These successful business practices have given Wal-Mart a huge market share, and this makes the company a very visible target. When people think of big corporations, they think of Wal-Mart. When people think of cheap products made with sweatshop labor, they think of Wal-Mart. When people think of the "creative destruction" that capitalism inevitably brings, i.e. the closing of sentimental but inefficient and pricey mom-and-pop stores and their replacement with large, impersonal retail chains, they think of Wal-Mart. These are the reasons why Wal-Mart is hated, and, despite the corporate subsidies enjoyed by Wal-Mart and every other large corporation in a mixed economy, these are the reasons why Wal-Mart should be defended from its critics.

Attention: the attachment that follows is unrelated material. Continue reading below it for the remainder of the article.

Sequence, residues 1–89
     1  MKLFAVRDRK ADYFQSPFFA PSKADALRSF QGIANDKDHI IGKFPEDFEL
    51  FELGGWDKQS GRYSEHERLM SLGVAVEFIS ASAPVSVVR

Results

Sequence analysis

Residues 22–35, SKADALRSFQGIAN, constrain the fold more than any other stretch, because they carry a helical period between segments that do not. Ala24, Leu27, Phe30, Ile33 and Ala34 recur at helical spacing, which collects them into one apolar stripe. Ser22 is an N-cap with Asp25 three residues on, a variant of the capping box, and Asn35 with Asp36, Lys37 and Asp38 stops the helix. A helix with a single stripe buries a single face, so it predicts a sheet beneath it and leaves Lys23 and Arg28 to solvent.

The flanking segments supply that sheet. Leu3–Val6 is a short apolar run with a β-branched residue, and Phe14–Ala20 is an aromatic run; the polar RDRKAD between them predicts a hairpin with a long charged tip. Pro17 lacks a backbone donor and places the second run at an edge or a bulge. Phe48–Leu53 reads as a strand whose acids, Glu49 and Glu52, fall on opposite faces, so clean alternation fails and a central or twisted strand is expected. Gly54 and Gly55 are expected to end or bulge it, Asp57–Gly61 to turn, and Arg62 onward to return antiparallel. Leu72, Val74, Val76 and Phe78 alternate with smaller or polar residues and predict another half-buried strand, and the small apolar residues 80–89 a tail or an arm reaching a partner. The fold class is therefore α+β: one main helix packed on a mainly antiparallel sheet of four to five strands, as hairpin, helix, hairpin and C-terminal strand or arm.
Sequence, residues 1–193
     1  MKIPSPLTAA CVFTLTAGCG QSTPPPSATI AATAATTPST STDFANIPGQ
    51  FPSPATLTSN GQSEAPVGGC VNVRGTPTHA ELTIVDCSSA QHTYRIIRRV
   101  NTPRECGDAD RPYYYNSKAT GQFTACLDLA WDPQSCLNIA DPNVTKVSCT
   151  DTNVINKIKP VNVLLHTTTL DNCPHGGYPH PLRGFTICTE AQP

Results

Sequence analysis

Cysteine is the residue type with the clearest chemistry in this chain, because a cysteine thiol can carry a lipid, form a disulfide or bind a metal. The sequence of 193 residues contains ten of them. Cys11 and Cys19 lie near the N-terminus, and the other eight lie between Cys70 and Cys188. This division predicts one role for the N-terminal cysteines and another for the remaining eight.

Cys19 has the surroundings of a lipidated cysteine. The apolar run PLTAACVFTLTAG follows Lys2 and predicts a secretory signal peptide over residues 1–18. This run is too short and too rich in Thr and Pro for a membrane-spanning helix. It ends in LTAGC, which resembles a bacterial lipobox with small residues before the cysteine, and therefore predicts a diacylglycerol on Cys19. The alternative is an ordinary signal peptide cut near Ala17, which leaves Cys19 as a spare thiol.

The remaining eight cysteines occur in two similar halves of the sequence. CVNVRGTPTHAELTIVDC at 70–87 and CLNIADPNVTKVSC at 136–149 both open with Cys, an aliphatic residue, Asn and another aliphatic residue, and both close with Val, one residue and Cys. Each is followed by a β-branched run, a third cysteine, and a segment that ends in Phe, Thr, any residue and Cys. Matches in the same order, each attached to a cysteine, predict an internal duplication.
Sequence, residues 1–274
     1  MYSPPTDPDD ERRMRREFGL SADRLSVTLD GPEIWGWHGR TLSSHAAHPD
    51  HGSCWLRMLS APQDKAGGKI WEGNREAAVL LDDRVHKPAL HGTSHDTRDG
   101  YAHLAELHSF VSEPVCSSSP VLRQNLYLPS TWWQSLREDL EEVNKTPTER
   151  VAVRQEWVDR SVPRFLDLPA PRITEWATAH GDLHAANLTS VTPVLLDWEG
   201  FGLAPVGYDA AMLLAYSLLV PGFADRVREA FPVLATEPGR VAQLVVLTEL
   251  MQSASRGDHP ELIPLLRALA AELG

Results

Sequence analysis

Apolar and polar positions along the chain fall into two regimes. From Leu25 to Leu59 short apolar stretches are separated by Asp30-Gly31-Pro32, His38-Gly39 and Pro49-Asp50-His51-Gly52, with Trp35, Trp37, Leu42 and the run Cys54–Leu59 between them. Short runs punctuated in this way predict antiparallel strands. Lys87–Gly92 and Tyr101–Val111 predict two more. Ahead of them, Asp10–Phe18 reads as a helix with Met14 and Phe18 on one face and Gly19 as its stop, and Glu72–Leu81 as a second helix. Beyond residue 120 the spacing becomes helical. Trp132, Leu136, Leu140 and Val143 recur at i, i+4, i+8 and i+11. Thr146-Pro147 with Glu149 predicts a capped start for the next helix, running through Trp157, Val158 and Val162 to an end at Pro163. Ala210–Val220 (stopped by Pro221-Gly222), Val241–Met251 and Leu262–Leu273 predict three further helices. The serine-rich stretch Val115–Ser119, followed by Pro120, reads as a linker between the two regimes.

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It's just the unions

It's just the unions preaching to the anti-capitalist choir. The unions have government-supported monopolies over the supply of labor in certain (shrinking) areas, and they're rent-seeking, in the Public Choice sense (per Nobelist Buchanan). Over-the-air media have similar government-supported monopolies and they often carry the unionists' water.

You're in for it now. When I